• Hypernatremia is a medical term.
  • It describes having too much sodium in the blood.
  • Our body’s sodium is mostly found in the blood.
  • It is an important nutrient for the proper functioning of our body.
  • Sodium is also a necessary part of the body’s lymph fluids and cells.
  • In some cases, hypernatremia can be mild and doesn’t cause serious problems.
  • It’s important to correct high sodium levels to reverse problems caused by hypernatremia.


  • Hypernatremia mainly occurs due to too much water loss or too much sodium gain in the body.
  • As a result, there is too little water available for the amount of total sodium in the body.
  • This can affect the regulation of the concentration of sodium in the blood.
  • Dramatic changes in thirst and changes in urine concentration cause changes in the fluid.
  • In our body thirst and urine concentration are triggered by receptors in the brain.
  • The receptors recognize the need for fluid or sodium correction.
  • This increases the water intake and changes the amount of sodium passed in the urine.
  • By increasing the water intake, this disease can rapidly be corrected.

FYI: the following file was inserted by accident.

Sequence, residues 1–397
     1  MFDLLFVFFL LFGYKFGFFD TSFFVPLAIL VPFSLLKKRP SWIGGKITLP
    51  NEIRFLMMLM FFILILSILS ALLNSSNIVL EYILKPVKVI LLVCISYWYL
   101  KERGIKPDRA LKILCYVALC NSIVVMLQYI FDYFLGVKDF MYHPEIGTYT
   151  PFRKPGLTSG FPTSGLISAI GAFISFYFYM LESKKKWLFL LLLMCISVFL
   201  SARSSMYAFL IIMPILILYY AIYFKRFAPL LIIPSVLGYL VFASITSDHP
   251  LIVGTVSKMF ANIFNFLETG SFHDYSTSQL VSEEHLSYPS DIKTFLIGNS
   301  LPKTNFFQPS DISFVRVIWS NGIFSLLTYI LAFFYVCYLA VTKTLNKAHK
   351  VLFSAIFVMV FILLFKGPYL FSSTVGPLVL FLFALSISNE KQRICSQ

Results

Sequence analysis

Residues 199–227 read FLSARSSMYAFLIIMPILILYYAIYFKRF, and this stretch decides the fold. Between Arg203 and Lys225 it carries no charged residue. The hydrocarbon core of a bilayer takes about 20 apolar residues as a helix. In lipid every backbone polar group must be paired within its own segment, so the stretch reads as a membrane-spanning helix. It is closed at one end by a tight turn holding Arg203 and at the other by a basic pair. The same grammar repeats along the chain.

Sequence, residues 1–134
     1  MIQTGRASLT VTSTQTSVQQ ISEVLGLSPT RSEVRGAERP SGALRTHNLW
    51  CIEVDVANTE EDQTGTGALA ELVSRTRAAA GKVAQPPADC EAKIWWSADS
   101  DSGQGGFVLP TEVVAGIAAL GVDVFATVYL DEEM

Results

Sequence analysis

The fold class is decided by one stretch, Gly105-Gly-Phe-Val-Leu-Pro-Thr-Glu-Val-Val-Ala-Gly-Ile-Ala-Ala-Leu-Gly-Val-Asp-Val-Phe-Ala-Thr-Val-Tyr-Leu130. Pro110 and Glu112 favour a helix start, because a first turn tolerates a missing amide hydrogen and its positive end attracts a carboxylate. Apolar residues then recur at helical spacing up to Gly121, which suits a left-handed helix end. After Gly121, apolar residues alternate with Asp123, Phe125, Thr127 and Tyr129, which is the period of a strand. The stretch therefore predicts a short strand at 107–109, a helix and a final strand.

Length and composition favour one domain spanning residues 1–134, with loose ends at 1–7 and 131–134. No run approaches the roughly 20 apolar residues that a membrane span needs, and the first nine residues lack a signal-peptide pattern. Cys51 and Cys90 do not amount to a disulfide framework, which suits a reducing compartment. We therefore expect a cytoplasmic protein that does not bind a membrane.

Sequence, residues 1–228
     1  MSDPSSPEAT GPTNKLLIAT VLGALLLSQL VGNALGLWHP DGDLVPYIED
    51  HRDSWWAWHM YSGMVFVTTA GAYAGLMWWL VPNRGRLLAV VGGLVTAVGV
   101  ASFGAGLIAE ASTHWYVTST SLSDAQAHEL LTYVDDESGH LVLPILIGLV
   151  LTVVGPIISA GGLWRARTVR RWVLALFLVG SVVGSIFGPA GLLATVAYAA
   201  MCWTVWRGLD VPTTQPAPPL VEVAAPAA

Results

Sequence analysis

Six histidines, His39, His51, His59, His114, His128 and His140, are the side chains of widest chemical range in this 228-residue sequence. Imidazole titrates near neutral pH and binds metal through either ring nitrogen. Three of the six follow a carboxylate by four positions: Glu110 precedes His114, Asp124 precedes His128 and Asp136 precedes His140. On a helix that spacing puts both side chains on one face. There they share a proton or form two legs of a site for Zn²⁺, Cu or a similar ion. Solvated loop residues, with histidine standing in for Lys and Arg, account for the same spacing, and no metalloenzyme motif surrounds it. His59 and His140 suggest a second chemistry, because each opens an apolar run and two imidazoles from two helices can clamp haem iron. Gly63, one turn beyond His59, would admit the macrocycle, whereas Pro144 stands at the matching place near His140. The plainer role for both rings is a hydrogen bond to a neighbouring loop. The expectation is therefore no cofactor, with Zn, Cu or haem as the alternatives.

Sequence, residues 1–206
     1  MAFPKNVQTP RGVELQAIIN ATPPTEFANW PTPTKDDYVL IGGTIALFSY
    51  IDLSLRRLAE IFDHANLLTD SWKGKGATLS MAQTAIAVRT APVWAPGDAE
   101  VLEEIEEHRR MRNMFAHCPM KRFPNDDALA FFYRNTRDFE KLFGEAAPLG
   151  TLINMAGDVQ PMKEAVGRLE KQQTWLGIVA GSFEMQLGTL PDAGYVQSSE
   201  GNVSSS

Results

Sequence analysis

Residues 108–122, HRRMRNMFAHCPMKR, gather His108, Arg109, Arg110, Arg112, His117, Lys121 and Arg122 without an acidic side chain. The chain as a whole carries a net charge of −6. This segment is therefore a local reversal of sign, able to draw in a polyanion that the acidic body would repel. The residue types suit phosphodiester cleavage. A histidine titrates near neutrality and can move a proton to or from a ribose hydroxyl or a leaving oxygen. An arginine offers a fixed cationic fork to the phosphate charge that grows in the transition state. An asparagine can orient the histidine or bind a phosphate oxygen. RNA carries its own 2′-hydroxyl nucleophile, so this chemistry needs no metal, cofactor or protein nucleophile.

• Excessive thirst is the main symptom of hypernatremia.
  • The symptoms include extreme fatigue and lack of energy, and possibly confusion.
  • These symptoms can be named as lethargy.
  • Sodium is also important for muscles and nerves to work.
  • Due to this chronic cases also cause muscle twitching or spasms.
  • When the sodium concentration elevates severely,  it can cause seizures and coma.
  • The severe symptoms are rare.


  • Older adults have a high risk of hypernatremia.
  • This is because as we grow older, we have a decreased sense of thirst.
  • Dehydration,  severe watery diarrhea, vomiting, fever, certain medications, poorly controlled diabetes, larger burn areas on the skin, kidney disease are certain medical condition can also increase the risk of hypernatremia.


  • This can be diagnosed through blood tests.
  • High levels of sodium along with urine concentration can be identified by urine tests.


  • According to the speed of onset, a treatment plan is determined.
  • The treatment involves correcting the fluid and sodium balance in your body.
  • Rapidly developing hypernatremia is treated more aggressively.
  • By increasing fluid intake, mild cases can be cured.
  • An IV drip is connected to the patient in case of severe hypernatremia.
  • This supplies fluid to your blood intravenously.


  1. https://pubmed.ncbi.nlm.nih.gov/28164834/
  2. https://www.nejm.org/doi/full/10.1056/nejm200005183422006
  3. https://pubmed.ncbi.nlm.nih.gov/25822386/